NBC’s ‘Brooklyn Nine-Nine’ was greenlit for an eighth season in November 2019. However, the scripts for upcoming episodes will be reworked in response to global police brutality protests.
NBC’s ‘Brooklyn Nine-Nine’ was greenlit for an eighth season in November 2019. However, the scripts for upcoming episodes will be reworked in response to global police brutality protests.
Photo: Frederick M. Brown (Getty Images)

Terry Crews, one of the stars of NBC’s hit comedy series Brooklyn Nine-Nine, revealed that four of the episodes for the show’s eighth season were entirely scrapped in the wake of police brutality and Black Lives Matter protests.

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In an interview with Access Hollywood, Crews, who plays Sgt. Terry Jeffords on the police-centered show, revealed that Brooklyn Nine-Nine’s showrunner Dan Goor was “ready to go” with new episodes until the death of George Floyd and police brutality protests made global headlines in May. Because of the shift in conversation, the whole season currently has no direction, per Crews.

“We had an all-cast Zoom [meeting], where we all got together and just talked about what was happening in this country, and how the shift of consciousness is going on,” he said. “We had a lot of somber talks; we had a lot of very, very deep conversations.”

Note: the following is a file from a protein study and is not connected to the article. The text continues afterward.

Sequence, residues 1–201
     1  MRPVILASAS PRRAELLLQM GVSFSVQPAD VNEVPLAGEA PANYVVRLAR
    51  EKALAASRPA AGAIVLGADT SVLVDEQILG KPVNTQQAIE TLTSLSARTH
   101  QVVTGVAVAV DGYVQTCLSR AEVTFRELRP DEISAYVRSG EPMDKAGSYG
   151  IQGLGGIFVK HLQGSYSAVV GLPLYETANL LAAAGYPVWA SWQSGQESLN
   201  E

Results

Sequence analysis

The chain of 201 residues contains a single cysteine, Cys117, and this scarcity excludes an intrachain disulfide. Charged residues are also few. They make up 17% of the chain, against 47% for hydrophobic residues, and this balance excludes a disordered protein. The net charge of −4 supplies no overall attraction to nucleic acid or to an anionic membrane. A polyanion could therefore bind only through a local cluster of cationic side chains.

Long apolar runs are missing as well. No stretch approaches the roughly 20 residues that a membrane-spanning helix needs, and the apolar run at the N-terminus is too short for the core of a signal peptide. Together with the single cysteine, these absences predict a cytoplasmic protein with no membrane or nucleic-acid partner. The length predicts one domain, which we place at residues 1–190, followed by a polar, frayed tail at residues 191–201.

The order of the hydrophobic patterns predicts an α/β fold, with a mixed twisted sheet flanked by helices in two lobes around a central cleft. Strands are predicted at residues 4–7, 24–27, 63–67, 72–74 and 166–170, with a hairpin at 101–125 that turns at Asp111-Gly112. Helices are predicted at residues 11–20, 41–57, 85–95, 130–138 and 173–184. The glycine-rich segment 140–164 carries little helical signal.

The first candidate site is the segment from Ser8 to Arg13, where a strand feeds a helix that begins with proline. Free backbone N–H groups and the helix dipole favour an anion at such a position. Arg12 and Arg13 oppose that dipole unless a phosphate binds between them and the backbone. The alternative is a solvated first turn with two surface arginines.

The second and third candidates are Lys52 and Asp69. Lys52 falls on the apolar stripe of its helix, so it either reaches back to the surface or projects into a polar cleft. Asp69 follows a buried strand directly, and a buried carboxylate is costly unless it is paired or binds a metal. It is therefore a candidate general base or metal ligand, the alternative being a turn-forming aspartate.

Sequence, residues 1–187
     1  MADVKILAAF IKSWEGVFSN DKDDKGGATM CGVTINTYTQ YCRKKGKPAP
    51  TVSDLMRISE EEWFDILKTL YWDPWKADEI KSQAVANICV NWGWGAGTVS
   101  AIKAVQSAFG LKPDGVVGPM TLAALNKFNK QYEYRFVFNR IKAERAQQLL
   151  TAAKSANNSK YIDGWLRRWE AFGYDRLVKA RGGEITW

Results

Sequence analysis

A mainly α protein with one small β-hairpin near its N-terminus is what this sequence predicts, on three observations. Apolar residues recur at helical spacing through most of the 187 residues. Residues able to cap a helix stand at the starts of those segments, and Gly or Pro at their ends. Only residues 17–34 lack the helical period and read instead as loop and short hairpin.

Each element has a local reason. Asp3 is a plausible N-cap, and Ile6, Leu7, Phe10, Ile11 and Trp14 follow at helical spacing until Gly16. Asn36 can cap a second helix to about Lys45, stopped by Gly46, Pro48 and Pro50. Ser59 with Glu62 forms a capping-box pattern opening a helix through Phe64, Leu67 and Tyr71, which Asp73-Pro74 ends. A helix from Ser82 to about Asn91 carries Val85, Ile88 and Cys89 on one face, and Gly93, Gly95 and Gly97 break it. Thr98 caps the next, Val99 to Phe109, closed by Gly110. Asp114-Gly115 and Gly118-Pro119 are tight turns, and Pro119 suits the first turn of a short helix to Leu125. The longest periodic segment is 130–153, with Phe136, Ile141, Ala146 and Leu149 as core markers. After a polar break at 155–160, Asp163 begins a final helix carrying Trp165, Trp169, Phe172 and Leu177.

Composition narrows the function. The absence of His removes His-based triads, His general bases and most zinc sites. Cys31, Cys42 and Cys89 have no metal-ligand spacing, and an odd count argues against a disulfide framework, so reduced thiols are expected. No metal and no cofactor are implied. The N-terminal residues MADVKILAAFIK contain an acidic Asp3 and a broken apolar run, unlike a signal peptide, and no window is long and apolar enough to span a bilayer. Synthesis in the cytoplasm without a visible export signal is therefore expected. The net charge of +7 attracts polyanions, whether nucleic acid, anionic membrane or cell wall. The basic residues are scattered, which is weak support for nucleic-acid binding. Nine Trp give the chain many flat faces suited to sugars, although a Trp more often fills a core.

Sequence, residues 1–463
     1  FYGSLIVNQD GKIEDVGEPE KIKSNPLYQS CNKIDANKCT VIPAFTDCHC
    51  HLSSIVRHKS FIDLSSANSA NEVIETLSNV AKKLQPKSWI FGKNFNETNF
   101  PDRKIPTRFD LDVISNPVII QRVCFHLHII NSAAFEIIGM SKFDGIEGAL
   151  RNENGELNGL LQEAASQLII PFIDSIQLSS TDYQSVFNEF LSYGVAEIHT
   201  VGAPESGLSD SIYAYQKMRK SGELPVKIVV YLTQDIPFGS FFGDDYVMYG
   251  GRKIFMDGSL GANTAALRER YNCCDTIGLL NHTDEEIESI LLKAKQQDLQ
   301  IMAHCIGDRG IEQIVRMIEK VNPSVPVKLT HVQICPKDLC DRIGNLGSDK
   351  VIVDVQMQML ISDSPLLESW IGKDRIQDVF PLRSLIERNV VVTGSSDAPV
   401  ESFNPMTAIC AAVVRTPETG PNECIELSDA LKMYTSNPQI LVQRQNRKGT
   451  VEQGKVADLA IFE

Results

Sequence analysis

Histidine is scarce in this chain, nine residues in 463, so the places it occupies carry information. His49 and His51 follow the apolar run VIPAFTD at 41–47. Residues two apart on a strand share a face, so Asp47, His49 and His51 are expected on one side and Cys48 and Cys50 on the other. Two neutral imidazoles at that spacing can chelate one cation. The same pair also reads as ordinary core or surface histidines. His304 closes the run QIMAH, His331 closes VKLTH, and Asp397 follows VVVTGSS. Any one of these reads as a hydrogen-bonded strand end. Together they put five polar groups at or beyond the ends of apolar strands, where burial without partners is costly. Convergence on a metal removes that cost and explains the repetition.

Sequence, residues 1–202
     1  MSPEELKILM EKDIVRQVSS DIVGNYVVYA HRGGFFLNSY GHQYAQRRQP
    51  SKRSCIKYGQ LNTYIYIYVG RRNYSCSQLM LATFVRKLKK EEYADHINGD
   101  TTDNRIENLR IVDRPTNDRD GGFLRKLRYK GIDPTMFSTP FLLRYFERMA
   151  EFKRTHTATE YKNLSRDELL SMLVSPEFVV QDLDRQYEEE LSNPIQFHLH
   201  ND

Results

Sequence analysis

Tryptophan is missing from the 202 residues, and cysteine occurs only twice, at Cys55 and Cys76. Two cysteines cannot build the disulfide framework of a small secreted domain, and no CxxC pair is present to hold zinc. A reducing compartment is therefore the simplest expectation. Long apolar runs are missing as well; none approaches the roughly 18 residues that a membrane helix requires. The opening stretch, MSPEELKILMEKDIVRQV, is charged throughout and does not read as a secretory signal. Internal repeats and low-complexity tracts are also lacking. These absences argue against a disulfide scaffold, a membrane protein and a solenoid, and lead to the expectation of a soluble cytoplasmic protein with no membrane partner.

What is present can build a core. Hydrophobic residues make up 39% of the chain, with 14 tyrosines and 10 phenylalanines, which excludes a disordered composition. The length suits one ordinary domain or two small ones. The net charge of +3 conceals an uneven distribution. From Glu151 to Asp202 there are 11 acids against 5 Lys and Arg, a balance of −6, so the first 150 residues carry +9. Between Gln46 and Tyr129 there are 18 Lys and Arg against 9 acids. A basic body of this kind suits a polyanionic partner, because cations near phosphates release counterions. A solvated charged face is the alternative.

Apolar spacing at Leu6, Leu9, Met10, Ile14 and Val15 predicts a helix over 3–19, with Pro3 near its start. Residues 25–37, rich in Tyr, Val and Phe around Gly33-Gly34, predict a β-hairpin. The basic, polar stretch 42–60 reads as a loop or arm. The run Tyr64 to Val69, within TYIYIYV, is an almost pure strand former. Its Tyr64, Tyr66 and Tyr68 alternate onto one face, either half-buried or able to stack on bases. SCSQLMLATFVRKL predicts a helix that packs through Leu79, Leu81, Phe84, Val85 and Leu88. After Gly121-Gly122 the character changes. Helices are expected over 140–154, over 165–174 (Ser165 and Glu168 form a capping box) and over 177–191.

“We hope through this, we’re going to make something that will be truly groundbreaking this year,” Crews says of the show, which was announced for an eighth season renewal in November 2019. “We have an opportunity here, and we plan to use it in the best, best way possible.” He did not give detail about the content of the episodes that were shelved.

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Crews also discussed the conversations he’s been conducting with his five children regarding police interactions in the Black community.

“With that George Floyd video that came out, it literally opened up the world, because now you’ve experienced [police brutality] and you have to go through the same trauma that Black America has been going through,” he says. “I’ve talked to [my 14-year-old son] about always, always, being conscious of who he is, and where he is, and always [looking] out for his own safety.”

Earlier this month, Cops—the country’s longest-running reality show—was canceled amidst the police brutality protests. It appears that public attitudes towards shows like Cops and Live PD have shifted in recent years due to the growing number of law-enforcement related incidents in communities of color. In addition, A&E reportedly pulled episodes of Live PD from their schedule, (not disclosing plans for its return), while Discovery ID’s Body Cam was also pulled  indefinitely.

Pronounced "Jay-nuh."

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